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Coping With Suicidal Thoughts

The Nystrom & Associates provider consulted for this article is Jack Hinrichs, MA, LMFT, Outpatient Therapist. 

Suicidal thoughts, while scary, are not an uncommon experience. Many people have had suicidal thoughts at one point in their life. Please know that you are not alone, and you can overcome these thoughts and feelings.  

If you’re considering acting on suicidal thoughts, seek help immediatelyFind the nearest hospital or call the National Suicide Prevention Lifeline at 1-800-273-8255. 

Think of Today 

The first step in coping with suicidal thoughts is knowing that you do not have to act on these thoughts right now. Keep your thoughts focused on today, rather than the rest of your life. Everything might seem overwhelming right now, but you might be able to cope better in a few days.  

During this time, it can be helpful to bring your awareness back to the present moment through mindfulness practices. This includes breathing exercises, meditation, and grounding techniques.  

Related: 3 Ways Meditation Helps Your Mental Health 

Be Aware of Your Triggers 

The second step to coping with suicidal thoughts is to become aware of your triggers. Triggers are different for everyone.  

Ask yourself if there are any situations, events, or things that bring about the onset of these thoughts. Notice when they occur, and how you can avoid what makes you feel worse. Does a particular song, picture, or movie bring about unwanted thoughts and feelings? Try to avoid them.  

Jack Hinrichs, Outpatient Therapist at Nystrom & Associates, offers insight into combatting suicidal thoughts. “Protective factors from suicide are positive relationships, belief in your capacity to cope, concern for others, sense of belongingnessand having moral/spiritual beliefs.” 

Related: How Interpersonal Effectiveness Improves Your Relationships

Avoid Drugs & Alcohol 

Substances can alter the parts of your brain that control your behavior, judgment, and decision-making. Drugs and alcohol can negatively affect your emotions and make matters worse overall. Since alcohol and drugs both affect how you think and feel, it’s important to stay away from them. In addition, relying on a substance too often can lead to substance use disorder

Related: What is Substance Use Disorder?

Go to a Safe Place 

When you are experiencing suicidal thoughts, go to a safe space where you are not tempted to act on suicidal thoughts. This could be your bedroom, therapist’s office, crisis center, friend’s house, or a public space like a library or a coffee shop.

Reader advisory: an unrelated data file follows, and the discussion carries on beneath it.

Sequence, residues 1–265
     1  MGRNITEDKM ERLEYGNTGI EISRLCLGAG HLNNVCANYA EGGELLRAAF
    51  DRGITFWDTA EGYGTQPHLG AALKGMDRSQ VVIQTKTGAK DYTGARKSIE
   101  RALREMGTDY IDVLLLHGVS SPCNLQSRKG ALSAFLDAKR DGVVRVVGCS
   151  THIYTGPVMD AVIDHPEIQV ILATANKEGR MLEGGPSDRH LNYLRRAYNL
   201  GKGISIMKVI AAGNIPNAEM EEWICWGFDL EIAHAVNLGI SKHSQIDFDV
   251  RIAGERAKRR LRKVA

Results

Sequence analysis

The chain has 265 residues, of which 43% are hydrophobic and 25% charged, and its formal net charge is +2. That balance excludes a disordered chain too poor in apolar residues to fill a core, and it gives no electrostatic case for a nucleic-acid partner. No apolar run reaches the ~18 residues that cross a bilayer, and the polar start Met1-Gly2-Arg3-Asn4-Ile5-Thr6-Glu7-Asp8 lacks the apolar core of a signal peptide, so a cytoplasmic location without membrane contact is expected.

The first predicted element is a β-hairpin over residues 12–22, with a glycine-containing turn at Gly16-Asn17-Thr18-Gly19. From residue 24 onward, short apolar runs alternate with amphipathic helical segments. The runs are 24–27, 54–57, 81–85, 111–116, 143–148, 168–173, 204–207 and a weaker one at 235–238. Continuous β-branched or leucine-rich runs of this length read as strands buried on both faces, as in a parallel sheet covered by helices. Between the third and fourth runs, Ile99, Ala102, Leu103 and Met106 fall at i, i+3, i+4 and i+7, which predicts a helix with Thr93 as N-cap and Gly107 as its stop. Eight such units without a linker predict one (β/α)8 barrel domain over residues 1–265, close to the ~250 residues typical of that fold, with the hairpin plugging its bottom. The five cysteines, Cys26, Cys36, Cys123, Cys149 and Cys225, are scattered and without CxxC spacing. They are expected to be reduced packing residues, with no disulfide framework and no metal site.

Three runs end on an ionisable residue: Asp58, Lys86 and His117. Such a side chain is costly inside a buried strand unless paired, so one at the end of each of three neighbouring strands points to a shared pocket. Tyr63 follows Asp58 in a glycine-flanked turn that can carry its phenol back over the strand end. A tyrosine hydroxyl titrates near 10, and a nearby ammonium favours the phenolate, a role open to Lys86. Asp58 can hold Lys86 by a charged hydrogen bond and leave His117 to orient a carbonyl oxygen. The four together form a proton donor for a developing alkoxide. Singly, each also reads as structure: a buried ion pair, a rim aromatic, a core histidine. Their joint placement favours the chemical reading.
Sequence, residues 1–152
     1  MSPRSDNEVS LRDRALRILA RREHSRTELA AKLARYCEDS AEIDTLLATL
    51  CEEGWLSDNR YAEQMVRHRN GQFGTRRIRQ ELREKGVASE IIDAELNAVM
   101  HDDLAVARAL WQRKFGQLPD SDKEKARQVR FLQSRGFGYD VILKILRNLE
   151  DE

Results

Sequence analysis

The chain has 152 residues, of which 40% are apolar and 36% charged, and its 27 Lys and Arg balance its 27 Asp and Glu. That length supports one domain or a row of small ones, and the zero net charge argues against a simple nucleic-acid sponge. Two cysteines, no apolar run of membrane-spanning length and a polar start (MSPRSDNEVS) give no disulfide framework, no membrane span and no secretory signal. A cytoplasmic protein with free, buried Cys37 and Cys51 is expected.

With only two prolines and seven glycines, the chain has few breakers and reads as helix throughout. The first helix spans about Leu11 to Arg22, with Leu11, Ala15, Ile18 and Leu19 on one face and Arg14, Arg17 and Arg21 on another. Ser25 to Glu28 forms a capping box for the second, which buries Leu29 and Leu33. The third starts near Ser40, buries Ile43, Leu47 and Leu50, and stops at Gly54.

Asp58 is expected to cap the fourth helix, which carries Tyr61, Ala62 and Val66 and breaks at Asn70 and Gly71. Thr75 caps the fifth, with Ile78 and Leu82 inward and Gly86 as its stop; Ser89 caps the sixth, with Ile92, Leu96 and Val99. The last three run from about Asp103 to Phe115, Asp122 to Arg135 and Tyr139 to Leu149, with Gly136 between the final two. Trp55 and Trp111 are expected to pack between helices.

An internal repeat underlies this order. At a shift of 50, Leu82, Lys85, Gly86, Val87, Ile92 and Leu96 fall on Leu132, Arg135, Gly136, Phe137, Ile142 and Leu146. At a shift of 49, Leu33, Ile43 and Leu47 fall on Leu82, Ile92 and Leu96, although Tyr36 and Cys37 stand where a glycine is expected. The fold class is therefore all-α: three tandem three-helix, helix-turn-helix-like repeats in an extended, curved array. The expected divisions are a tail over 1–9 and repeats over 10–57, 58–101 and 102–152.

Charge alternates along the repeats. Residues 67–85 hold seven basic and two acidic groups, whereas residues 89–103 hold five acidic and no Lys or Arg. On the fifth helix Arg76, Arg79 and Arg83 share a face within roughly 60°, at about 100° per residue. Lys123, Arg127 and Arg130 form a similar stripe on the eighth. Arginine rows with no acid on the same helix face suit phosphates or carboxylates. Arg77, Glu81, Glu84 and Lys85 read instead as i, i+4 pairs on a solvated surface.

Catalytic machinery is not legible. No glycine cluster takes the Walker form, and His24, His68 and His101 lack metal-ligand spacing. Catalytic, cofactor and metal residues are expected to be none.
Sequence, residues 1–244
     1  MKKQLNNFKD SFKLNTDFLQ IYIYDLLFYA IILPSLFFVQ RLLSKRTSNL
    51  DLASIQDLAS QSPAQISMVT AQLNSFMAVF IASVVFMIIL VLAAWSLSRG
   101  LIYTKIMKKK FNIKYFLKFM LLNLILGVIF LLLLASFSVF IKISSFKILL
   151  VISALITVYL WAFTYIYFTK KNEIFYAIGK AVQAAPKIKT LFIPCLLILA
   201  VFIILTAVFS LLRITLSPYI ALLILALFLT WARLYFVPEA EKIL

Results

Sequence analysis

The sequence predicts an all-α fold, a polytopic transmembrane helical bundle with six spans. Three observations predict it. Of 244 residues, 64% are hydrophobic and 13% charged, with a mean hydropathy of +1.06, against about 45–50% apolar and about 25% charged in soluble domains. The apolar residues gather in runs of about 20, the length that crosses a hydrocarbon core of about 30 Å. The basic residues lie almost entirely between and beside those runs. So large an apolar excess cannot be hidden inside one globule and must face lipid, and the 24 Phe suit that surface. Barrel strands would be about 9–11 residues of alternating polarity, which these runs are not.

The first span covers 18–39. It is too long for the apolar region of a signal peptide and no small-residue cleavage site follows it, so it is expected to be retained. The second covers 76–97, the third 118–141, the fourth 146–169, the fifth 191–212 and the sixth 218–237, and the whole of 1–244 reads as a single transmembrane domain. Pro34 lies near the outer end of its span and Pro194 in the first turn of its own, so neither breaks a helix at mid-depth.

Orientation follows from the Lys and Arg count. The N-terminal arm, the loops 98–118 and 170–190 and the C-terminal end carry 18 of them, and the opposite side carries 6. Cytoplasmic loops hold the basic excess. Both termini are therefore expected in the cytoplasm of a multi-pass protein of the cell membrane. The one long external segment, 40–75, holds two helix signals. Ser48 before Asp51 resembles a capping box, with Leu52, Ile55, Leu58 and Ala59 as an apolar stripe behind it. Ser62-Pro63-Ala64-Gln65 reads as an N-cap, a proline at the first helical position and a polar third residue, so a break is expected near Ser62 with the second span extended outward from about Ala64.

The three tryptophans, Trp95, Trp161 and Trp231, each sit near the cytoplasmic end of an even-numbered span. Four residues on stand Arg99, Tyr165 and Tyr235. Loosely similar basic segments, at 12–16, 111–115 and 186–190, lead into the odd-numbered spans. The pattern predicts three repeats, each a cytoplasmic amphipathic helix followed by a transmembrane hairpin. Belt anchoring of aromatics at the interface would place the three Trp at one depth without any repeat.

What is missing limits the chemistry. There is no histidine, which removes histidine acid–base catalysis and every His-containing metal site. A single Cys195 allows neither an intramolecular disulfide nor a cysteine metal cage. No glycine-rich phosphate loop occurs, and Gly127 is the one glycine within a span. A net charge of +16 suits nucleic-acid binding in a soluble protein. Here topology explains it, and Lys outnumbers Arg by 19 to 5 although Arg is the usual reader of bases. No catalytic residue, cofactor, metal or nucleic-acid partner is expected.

Distract Yourself 

Another way to cope with suicidal thoughts is through distraction. Distraction techniques can help take your mind off your current thoughts and shift your focus into something more positive or neutral. Ideas for distracting yourself include: 

  • Make a list of all the positive things and people in your life. This could also be a gratitude list. Although it might seem difficult at the moment, try to think of a few things and keep adding to the list every day. Reflect on positive things other people have said about you.  
  • Get some fresh air and take a walk outside, preferably in a green space.  
  • Spend time with your pet.  
  • Play games, watch a movie or listen to music.  

Related: How Gratitude Can Change Your Life

Receive Support 

It can be extremely helpful to talk to other people about how you are feeling. Seek emotional support from friends/family members and professional support from your mental health care team. If a friend or family member is unavailable, you could talk to: 

  • A therapist or counselor 
  • An individual from a support line 
  • A teacher, colleague, or mentor 
  • A religious or spiritual leader 

If you’re not in the mood to talk, try not to spend too much time alone. Surrounding yourself with other people can help your safety, even if they are not aware of how you’re feeling.  

Related: Being Lonely and Being Alone: What’s the Difference?

A Word From Nystrom & Associates 

Above all, please do not struggle with suicidal thoughts alone. Our providers are here for you. If you don’t have mental health support, our care team will help you find a provider that’s right for you. Call 1-844-NYSTROM or schedule an appointment online.

Related: What Are Mental Health Days?

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